A Lack of English Road MoviesRobin Ince's Horizons Tour Diary
Breakfast is with Alice Roberts, so I am educated about fossils and academia and her hopes for animatronic vikings.
I put in my usual 60 minutes morning writing, then go and sit in a garden that offers relentless olfactory delights and surprises. Lavender is the least of it.
The last bees patrol the stamens in such of dusty hopes.
I read on a bench devoid of a small plaque, did no one enjoy this view enough to be memorialised?
Brian gets up for lunch and eats a big piece of meat, then we get back in the van and he stretches out for a sleep. Driving to Sutton Coldfield, I look at the shells of Little Chefs, see now boarded up and overgrown, some now Starbucks, one an adult superstore. Do not accept their complimentary lollipops.
I think about the lack of road movies set in England – there’s Chris Petit’s Radio On and Michael Winterbottom’s Butterfly Kiss, but few besides those. The roads are just too busy for the traditional road movie. The wide open spaces fill up too quickly, easier if you just have horny Abbotts and knights walking to Canterbury.
As we pass under the cross stitching of grey overpasses, I look at the patches of trees and shrubs that grow inside the roundabouts and think of JG Ballard’s Concrete Island, what Robinson Crusoe’s may leave within, occasionally foraging at Leicester Forest East Services?
I am unable to read in cars and vans, so move to the back and listen quietly to talking books.
I do a chapter of Edward Parnell’s Ghostland. He discusses MR James’s advice on a ghost story,
“A slight haze of distance is required”. There is need for uncertainty to truly haunt. It is harder to vanquish what you are not sure exists in the first place.
I move on to Olivia Laing’s Funny Weather and an essay on Basquiat covering the mutability of language and the way it twists and turns depending on the power of who is speaking.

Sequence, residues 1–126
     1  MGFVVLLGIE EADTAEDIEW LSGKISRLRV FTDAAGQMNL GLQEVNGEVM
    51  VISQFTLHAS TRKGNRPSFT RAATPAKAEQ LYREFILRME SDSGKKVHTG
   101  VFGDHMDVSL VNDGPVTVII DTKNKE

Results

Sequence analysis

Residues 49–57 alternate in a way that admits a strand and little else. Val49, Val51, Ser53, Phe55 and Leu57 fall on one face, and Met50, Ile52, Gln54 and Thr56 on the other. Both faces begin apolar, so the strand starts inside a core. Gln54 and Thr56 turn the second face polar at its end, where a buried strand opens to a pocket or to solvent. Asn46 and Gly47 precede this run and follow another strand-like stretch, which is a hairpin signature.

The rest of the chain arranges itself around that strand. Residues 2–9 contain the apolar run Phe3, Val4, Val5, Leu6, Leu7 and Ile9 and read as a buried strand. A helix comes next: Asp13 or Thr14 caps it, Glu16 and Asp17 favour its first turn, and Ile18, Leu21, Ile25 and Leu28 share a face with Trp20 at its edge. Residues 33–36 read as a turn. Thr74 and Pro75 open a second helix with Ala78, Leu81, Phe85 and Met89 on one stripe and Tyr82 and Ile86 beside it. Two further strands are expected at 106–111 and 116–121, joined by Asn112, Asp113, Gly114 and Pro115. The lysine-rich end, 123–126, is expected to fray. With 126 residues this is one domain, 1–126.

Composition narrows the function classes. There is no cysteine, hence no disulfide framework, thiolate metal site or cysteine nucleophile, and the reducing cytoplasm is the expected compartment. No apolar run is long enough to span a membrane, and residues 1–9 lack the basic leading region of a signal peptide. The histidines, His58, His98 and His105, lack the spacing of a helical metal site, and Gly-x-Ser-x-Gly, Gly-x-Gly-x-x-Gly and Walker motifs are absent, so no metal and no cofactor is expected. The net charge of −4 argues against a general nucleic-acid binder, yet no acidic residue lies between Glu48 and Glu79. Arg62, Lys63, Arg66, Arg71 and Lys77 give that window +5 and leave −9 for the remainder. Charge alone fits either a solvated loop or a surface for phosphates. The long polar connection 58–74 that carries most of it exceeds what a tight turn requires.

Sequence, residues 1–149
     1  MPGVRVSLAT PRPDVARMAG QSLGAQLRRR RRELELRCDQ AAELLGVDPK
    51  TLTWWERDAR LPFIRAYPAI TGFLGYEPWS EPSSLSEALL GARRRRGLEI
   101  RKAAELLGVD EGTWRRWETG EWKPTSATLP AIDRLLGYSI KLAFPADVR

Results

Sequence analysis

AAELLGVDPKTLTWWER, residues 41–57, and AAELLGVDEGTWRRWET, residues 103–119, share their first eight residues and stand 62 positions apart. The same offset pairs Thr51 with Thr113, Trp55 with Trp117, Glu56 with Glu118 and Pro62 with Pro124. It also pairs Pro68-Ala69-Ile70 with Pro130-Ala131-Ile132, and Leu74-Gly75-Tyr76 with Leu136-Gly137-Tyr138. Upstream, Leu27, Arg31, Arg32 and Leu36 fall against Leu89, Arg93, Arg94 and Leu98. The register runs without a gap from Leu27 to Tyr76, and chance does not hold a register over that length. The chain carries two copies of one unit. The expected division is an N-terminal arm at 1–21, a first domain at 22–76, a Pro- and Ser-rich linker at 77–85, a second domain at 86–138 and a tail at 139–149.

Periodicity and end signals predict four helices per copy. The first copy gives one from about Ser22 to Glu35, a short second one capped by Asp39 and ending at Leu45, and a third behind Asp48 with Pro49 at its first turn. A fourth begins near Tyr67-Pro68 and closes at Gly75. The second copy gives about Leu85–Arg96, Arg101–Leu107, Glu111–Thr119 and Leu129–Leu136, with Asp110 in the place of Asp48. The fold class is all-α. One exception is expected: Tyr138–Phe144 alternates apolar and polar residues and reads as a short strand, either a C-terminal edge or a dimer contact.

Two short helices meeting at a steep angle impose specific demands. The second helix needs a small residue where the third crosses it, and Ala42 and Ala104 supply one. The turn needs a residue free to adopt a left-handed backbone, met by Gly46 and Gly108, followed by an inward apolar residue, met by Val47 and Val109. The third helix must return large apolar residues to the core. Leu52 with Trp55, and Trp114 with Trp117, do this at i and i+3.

Of late, Laing has become one my new favourite authors.
I also made this note in the margin of my head – “The act of making sense is made almost impossible by the speed of information”.
A bird flies frenetically across the road and I am struck with the strangeness that so many things battling to stay alive may not even know they exist.
When we get to the hotel, Brian goes to bed again and I sign a bunch of books for Trent to sell at the online Cosmic Shambles bookshop. Once that is done, I catch the end of one Columbo – hard of hearing chess master Laurence Harvey is caught out due to the batteries running out on his hearing aid, and the beginning of another, Ruth Gordon traps her nephew in law in an airless safe believing that he murdered her beloved niece. We departed for Birmingham just as Ruth completed her murder.
The gig goes without hitch or power cut tonight and it is the second biggest audience of the tour so far, about 10,000.
Back at the hotel , I sense a frisson of excitement when Brian walks through the reception. The barman lets out a gasp and rushes in to say “I used to love your shows when I was a child.” He is 20 now. A family of three pop by and politely ask for a photograph. Everyone beams except the child in the pushchair who places his finger deeply within his nasal passage.
Another family arrive and ask for a photo too while telling Brian he is the best human there has ever been. I keep quiet…ish. Finally, a man comes in and shakes Brian’s hand over and over again. They are all filled with delight. I forget how famous he is sometimes.
I wake up three times in the night – a fractured few hours of little nightmares, a horror portmanteau movie until dawn.
Tonight’s audience questions include –
If we all age at different rates does that mean i could be youner than my younger sister
If humans can see water but not air, can fish see air but not water? From Isabelle Pritchard aged 12
How do you think we could plant a tree on Mars? From Reyan Mangat, age 9
Listen to the Horizons tour podcast, Taking the Universe Around the World HERE.
Bibliomaniac is available for pre-order now at cosmicshambles.com/shop with exclusive art cards.
Robin Ince is a multi-award winning comedian, writer and broadcaster. As well as spending decades as one the UK’s most respected stand-ups, Robin is perhaps best known for co-hosting The Infinite Monkey Cage radio show with Brian Cox. For his work on projects like Cosmic Shambles he was made an Honorary Doctor of Science by Royal Holloway, University of London. His latest book, The Importance of Being Interested is out now.